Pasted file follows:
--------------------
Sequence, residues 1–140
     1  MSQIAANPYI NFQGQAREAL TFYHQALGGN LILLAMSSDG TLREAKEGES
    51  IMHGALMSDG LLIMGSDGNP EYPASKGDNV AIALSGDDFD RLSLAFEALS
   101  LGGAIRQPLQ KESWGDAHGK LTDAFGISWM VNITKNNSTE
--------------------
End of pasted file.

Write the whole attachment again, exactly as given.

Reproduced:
Sequence, residues 1–140
     1  MSQIAANPYI NFQGQAREAL TFYHQALGGN LILLAMSSDG TLREAKEGES
    51  IMHGALMSDG LLIMGSDGNP EYPASKGDNV AIALSGDDFD RLSLAFEALS
   101  LGGAIRQPLQ KESWGDAHGK LTDAFGISWM VNITKNNSTE